By Aaron Wells, Chattanooga, TN—Officials with the Consumer Financial Protection Bureau [CFPB] plan to form new regulations for private loan creditors after seeking input from market stakeholders.

According to a news release by the Federal Register, there are more than 38 million student loan borrowers and outstanding debt has ballooned to over $1.1 trillion. While the vast majority of these are made by the federal government, the remainder consists of private loans.

In 2012, the director of the CFPB submitted a report to Congress detailing the private student loan market. According to the report, defaulted private student loans amount to over $8 billion, with even more in the delinquent stage.

“The student loan crisis has brought about new recommendations, and anything that helps borrowers I think is a good thing,” Dianne Cox, director of financial aid, said.

While federal loans often provide income-based repayment options for borrowers and a variety of options for those in default, according to the Federal Register news release, private loans are often much more difficult to modify if a borrower is unable to make payments in the amount originally agreed upon with the creditor.

“It sounds like the new rules will force lenders to be more flexible with refinancing and loan repayment terms,” Cox said. “These proposed changes aim to make it easier for borrowers to remain in good standing on their loans.”

Because private loans are often less flexible those made by the federal government, CFPB officials hope new regulations in the private sector will not only positively impact private borrowers, but could also lead to more timely repayments of federal student loans, Cox said.

“There are students who borrow the maximum federal student loans and then tap into more expensive private loans. Because collection on private loans is generally more aggressive, some of these borrowers will default on their federal student loans but take care of their private loan payments, if possible,” Cox said. “Borrowers who just have federal loan debt are struggling, but those with both private and federal loan debt have a double whammy.”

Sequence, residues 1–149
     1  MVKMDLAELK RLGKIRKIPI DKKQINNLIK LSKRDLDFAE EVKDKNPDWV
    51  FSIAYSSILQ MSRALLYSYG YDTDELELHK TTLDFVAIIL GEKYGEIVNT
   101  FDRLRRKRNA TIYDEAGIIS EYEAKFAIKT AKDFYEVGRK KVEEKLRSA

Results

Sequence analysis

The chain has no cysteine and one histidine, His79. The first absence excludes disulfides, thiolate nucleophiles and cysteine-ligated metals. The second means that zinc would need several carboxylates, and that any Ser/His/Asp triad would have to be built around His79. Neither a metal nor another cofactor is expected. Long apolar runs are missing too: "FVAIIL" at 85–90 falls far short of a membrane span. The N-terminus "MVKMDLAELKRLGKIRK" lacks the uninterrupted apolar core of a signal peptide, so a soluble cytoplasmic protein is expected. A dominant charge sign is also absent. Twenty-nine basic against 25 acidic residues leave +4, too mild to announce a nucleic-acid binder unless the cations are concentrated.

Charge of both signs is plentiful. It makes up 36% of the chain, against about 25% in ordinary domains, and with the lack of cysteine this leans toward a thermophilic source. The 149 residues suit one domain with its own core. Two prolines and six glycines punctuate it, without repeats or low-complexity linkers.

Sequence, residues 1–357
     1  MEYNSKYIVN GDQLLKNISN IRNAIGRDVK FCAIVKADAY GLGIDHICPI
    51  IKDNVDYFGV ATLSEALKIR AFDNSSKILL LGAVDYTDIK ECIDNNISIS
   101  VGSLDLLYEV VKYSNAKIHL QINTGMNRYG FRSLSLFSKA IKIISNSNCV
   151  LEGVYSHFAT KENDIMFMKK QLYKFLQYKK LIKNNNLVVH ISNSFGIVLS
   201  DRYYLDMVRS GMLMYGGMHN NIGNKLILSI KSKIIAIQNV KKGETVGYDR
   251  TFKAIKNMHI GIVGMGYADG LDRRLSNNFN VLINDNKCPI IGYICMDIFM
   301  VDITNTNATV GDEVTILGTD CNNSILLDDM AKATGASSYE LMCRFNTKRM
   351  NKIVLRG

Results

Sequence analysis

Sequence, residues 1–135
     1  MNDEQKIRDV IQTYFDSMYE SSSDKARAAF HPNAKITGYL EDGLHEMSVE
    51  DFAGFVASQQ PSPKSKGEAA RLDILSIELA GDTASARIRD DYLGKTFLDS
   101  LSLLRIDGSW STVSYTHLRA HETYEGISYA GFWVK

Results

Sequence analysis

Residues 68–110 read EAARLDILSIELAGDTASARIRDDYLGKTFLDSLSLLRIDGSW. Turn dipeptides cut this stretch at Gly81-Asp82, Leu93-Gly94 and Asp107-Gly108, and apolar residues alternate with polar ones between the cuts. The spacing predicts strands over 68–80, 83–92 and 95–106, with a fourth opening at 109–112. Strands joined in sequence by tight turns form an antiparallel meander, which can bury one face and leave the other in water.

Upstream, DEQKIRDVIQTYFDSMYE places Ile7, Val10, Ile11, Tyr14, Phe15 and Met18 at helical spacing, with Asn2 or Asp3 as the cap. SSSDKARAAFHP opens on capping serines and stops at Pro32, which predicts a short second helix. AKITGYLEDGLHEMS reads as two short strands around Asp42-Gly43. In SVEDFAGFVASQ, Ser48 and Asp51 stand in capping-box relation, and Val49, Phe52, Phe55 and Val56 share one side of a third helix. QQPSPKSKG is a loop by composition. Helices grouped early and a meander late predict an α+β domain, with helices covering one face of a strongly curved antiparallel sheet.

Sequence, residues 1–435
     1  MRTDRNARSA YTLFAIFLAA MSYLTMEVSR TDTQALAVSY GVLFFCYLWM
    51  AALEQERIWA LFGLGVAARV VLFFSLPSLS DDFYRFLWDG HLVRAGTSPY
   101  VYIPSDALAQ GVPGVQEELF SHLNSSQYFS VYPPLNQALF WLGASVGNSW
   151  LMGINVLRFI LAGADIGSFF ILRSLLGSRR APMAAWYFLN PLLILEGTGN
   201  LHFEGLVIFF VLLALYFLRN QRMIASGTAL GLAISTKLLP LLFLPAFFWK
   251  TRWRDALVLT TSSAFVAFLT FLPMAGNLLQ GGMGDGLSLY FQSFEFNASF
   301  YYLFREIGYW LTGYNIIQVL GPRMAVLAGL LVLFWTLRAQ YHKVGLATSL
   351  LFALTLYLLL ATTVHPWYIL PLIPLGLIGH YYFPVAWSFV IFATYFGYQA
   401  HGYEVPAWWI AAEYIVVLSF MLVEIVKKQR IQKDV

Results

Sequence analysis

New regulations will also address the business practices of crediting agencies as they relate to customer service.

According to the CFPB report submitted to Congress, borrowers who called or emailed their private loan provider were often transferred to various lending departments and were given contradicting instructions from loan officers in the same office, which was also a characteristic of the home mortgage industry that collapsed in 2008.

“Student loan borrower stories of detours and dead-ends with their servicers bear an uncanny resemblance to problematic practices uncovered in the mortgage servicing business,” Rohit Chopra, CFPB Student Loan Ombudsman, said in statement to the Federal Register. “Consumers deserve clarity, not chaos and confusion.”

Cox said new, clarified regulations could be beneficial to borrowers, as federal officials seek to avoid a crisis similar to what the mortgage industry faced five years ago.

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